The spacious living room in the front area of the home -- built beyond the hillside cave out of clay and earth walls -- has an open fireplace, and there are Spanish tile floors throughout the home.
The cave walls are whitewashed, as is traditional, to reflect more light throughout the interior space. In addition to doors and windows, holes and reflective ducting brighten the indoors.
An external staircase leads to a complete apartment with a kitchen, bedroom and bath separate from the cave house.
Cave for a night -- Turkey
In case you aren&apost ready to commit to living full time in a cave, you might want to try staying in one of several international cave hotels. The Gamirasu in Cappadocia, Turkey, is a pretty cool one. The 25-room hotel is in a restored Byzantine monastic retreat cave house that&aposs more than 1,000 years old. It reopened in 1999 as a luxury hotel. While humans have inhabited the caves for nearly 4,000 years, the rooms and suites here all have modern amenities. Furnishing are traditional for the area -- including ornate rugs, hand-carved furniture and delicate linens, not to mention the original frescoes of the 8th-century cave church preserved within the hotel&aposs walls. The hotel restaurant serves organically grown food prepared in Cappadocian style. Rates for a double room cost between $133 and $203 a night.
For information, visit the
Cave for a night -- Iran
In the shadow of the dormant Sahand volcano in Kandovan in the province of East Azerbaijan in northwestern Iran, volcanic ash and debris was compressed and naturally shaped into cone-shaped pillars containing pockets that became caves. The pillars have been inhabited for thousands of years today a population of about 700 still live in these hollowed-out rocks the shape of witches&apos hats that have been fashioned into comfortable multistory homes.
Opened in 2007, the Laleh Kandovan International Rocky Hotel is a restored cave home offering 10 rooms (30 more are planned) and a restaurant. All the rooms have under-floor heating, and some have whirlpool baths. The decor is stylishly minimalist, using plenty of tiles and Persian rugs and allowing the unique rough rock walls to make a statement. Double rooms cost about $241 a night.
Cave for a night -- France
Since the 11th and 12th centuries people in many parts of France have settled in caves dug out of the ground and shaped into rooms of whatever size desired. There are about 45,000 cave homes in the Loire Valley -- some relics, many being refurbished. Les Hautes Roches manor is a luxury cave hotel built into a cliff overlooking the Loire River. The white-glove accommodations extend to a restaurant serving Brittany-inspired cuisine featuring local products. The hotel includes an outdoor swimming pool and access to Loire Valley attractions. Room rates range between about $244 and $412.
For more information, visit the
Cave for a night -- Australia
Coober Pedy is a town in the Outback semi-desert area of South Australia known as the "opal capital of the world" and famous for residents living belowground in old refurbished mines called dugouts. The dugouts are protected from the scorching daytime heat.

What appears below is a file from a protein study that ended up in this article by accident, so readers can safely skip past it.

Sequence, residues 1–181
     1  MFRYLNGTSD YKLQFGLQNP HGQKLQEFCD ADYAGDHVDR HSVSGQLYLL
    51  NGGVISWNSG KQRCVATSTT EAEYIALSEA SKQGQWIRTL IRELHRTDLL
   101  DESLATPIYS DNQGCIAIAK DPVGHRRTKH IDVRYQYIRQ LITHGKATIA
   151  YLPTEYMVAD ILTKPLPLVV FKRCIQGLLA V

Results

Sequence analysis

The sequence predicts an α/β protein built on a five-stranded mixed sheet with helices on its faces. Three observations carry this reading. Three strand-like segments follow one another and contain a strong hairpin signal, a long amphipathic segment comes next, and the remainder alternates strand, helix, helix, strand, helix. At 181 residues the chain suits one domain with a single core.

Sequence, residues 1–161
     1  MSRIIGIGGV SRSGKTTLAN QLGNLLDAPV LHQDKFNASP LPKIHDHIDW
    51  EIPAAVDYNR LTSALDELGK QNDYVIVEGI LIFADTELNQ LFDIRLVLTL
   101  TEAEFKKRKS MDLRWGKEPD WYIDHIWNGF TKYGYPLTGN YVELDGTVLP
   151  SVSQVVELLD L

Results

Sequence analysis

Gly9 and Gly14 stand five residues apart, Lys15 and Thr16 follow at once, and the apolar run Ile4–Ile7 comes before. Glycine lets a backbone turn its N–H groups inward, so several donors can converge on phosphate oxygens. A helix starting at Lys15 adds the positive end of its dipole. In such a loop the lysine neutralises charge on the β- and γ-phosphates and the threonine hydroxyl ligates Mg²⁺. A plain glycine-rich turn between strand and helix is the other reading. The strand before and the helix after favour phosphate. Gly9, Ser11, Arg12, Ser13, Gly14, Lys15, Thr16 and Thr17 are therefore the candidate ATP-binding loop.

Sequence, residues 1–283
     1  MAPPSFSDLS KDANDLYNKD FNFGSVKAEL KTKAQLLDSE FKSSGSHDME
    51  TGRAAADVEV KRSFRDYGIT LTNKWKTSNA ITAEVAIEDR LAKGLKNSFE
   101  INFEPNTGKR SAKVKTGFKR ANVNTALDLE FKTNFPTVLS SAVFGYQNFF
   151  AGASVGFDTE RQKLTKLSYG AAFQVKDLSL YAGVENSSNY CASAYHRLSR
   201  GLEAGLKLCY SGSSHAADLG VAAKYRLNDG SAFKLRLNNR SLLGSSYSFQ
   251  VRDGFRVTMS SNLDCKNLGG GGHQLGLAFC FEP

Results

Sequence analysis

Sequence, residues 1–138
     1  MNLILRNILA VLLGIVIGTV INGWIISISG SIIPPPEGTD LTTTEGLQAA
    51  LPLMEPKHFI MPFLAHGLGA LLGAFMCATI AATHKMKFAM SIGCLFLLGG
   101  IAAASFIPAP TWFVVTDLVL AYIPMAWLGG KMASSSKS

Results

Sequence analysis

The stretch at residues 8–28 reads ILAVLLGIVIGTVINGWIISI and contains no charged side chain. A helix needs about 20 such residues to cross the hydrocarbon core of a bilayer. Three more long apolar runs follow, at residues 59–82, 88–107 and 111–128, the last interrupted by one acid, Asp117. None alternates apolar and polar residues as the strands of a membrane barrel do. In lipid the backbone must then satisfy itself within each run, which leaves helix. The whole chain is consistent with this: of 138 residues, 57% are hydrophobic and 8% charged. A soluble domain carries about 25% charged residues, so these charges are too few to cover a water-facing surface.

You can experience the down-under version of cave living at the Desert Cave Hotel, where you can choose to stay aboveground or underground in one of the windowless, cool, luxury rooms. The hotel also has underground shops, a cafe and an underground bar and gaming room. Rates for a double room start at $221.
For information, visit the
Cave for a night -- Arkansas
The Beckham Creek Cave Lodge in Beckham Creek Arkansas -- the heart of the Ozark countryside -- was built by Celestial Seasonings founder Mo Siegel in a natural cave as an end-of-the-world safehouse. It is now available for rent and outfitted with all the modern amenities, a natural indoor waterfall, a gourmet kitchen and five unique bedrooms. Rate information on request.
The Cave Dwellings of Guadix
Guadix – such an interesting place yet shamefully unknown to most visitors in Andalusia. We visited the town for a second time after fifteen years, this time with our children. There were many reasons why we wanted to return, but the most prominent one was a unique feature of the town: The cave dwellings.
A great part of Guadix’s inhabitants lived underground in caves dug in the soft tuff rock that was surrounding the city. “Troglodyte” was the term that described this form of living. Traditionally, this was the area where artists and artisans would live, and also the gypsies. Even today, it was still very much alive, a populated part of the town with a church in its centre, a school, bars, and restaurants that offered a more alternative way of living.
In short, the cave dwellings of Guadix were an important part of Andalusia, yet widely unknown as many people tend not to travel on the road between Granada and the deserts of Tabernas.
The old Town: A Cathedral, a Square and a Moorish Fortress